Funded through two separate grants, the ‘Business Sustainability Challenge’ and ‘Collaborative Research & Development’ will help propel a range of projects that aim to sustainably transform the horticultural and plant-based food and drink supply chain.
Among the winners, projects ranged from next-generation technology, to recycled waste water, to new fruit breeding techniques, with the funders particularly interested in those that focused on circular economies and finding new uses for waste.
The Business Sustainability Challenge grant offered up to £50,000 to address key sustainability issues and opportunities. Eight winners were chosen and will share over £287,000 in funding for their short-term, high-impact innovative projects.
Tensei Ltd is among them and will be using its grand to test different agri-waste materials as polymers fillers to reduce the amount of virgin or recycled plastic used in packaging. Along with reducing carbon emissions, the technique could also help create new revenue streams for farmers and growers from their waste products.
While Canterbury Brewers & Distillers are using the funding to develop a new system that will produce speciality mushrooms using the waste grain, water, CO2 and energy from its whiskey production facility.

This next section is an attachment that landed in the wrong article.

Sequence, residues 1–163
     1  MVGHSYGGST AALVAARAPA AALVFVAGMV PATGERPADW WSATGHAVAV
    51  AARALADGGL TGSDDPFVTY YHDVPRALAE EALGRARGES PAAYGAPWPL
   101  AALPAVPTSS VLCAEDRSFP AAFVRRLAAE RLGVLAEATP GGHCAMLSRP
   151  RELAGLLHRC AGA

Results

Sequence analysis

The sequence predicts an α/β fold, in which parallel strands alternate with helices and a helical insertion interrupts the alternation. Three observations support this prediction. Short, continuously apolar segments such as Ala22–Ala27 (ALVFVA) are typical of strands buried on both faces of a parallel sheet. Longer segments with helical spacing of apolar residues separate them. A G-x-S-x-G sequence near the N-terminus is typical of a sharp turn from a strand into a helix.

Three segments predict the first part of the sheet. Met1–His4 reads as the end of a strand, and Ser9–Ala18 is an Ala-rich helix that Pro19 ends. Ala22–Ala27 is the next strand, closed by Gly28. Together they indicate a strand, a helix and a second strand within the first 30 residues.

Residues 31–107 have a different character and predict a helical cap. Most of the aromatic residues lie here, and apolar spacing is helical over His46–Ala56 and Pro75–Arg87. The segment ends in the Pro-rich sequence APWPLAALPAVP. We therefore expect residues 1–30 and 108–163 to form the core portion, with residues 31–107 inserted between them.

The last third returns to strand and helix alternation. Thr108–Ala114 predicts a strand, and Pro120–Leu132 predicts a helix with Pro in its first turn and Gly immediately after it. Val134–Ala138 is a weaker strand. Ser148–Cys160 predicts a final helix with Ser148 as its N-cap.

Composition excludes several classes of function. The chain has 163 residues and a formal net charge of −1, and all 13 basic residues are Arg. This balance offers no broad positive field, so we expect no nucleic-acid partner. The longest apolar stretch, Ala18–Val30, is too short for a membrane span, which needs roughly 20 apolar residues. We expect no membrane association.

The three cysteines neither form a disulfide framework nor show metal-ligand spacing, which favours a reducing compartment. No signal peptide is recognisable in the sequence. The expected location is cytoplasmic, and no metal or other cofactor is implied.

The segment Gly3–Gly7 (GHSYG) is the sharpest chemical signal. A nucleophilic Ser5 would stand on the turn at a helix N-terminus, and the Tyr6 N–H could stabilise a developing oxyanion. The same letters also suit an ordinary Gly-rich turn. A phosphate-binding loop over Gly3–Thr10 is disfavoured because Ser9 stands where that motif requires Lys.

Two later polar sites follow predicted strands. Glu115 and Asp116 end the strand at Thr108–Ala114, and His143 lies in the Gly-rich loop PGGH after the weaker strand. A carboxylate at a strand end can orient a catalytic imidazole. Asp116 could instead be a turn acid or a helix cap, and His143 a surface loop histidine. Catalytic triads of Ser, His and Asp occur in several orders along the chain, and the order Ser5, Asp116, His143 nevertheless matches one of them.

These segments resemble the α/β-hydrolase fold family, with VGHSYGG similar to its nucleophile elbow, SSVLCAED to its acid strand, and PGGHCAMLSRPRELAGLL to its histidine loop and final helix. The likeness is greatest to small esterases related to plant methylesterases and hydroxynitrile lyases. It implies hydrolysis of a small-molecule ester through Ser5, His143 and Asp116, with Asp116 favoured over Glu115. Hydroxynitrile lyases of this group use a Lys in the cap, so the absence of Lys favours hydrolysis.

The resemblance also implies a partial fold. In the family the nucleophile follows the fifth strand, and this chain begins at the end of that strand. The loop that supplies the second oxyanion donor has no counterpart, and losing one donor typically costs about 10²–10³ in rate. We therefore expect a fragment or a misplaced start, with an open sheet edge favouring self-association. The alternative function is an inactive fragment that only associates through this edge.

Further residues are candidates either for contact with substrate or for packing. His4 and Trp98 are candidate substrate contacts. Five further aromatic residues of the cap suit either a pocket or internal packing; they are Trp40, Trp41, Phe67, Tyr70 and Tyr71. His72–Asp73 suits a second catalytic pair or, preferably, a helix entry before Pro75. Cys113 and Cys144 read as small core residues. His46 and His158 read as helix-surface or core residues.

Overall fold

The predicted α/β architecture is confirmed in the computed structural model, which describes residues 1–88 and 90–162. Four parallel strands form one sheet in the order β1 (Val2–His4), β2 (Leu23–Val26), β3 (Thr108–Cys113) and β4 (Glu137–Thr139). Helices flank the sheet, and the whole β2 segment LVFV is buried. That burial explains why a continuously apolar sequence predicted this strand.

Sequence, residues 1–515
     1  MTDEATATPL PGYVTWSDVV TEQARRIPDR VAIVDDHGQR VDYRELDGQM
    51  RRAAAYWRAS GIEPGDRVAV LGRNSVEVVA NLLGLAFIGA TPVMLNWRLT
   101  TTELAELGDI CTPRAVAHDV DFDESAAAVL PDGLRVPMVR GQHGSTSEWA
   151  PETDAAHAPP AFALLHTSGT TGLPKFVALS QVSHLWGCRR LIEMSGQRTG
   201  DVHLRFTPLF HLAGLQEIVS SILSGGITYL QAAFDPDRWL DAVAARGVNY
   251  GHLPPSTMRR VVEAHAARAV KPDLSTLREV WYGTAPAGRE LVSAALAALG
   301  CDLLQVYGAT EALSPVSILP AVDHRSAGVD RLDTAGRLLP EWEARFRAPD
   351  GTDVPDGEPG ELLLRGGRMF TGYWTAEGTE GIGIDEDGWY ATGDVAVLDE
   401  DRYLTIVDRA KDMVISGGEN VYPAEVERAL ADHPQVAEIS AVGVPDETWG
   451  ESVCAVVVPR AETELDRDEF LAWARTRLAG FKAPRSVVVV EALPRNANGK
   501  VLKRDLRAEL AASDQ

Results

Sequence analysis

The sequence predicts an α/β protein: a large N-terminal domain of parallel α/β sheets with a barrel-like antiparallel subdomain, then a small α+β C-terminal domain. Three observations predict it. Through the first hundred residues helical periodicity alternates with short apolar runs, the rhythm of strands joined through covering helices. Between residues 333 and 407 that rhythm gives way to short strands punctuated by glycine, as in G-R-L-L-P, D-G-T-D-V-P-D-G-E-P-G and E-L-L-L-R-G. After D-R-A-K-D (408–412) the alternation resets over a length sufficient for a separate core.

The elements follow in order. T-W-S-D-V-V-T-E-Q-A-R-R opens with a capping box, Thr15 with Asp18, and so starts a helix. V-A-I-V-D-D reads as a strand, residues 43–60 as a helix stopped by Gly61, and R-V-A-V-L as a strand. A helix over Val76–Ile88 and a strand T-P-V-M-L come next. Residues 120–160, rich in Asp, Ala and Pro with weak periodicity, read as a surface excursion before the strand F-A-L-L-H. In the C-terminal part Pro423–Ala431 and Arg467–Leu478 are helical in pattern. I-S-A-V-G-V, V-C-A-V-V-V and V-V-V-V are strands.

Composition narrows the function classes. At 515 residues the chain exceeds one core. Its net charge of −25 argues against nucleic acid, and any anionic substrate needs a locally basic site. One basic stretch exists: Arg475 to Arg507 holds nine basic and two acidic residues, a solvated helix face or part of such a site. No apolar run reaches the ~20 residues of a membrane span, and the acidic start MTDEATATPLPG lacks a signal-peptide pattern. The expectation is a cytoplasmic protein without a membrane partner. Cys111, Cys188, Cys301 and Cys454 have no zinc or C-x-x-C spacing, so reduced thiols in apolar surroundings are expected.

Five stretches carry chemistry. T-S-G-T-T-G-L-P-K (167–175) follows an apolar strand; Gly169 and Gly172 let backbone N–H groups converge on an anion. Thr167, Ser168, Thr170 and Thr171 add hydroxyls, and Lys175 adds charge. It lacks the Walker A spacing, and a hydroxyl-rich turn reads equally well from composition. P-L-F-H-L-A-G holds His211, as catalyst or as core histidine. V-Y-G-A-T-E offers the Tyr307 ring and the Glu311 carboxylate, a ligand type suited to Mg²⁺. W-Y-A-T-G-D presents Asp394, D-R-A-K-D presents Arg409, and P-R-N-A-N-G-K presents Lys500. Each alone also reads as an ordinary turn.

Nim’s Fruit Ltd – a previous winner of the Food Manufacture Excellence Awards – has also been awarded funding to repurpose its fruit and vegetable powders.
Recipients of the Collaborative Research and Development grants meanwhile saw Growing Kent & Medway award five projects a share of £1.4 million. Included in the list of winners is Worldwide Fruit Ltd, which was given £222,477 for its next generation apple breeding for resilient UK production project; and Edward Vinson Limited which saw £256,863 for its work in phenotyping and genomics.
Dr Nikki Harrison, programme director for Growing Kent & Medway, said: “We are investing in real-world business innovation and research projects that demonstrate how science-led, sustainable innovation can be deployed throughout the supply chain. This not only benefits the environment by helping Kent businesses become more sustainable but also stimulates economic growth. Fresh thinking can help create new revenue streams and new markets from waste by-products and processes.
“While these projects demonstrate the exciting innovation happening in Kent and Medway, we expect the knowledge that is gained to help transform our food systems throughout the sector.”
Growing Kent & Medway will be announcing two further grant funds for the horticultural and plant-based food and drink sector this November. Applications will be open to businesses registered throughout the UK. A full list of all the funded projects is available from growingkentandmedway.com.
In other news, AG Barr has acquired soft drinks brand Rio Tropical for £12.3m.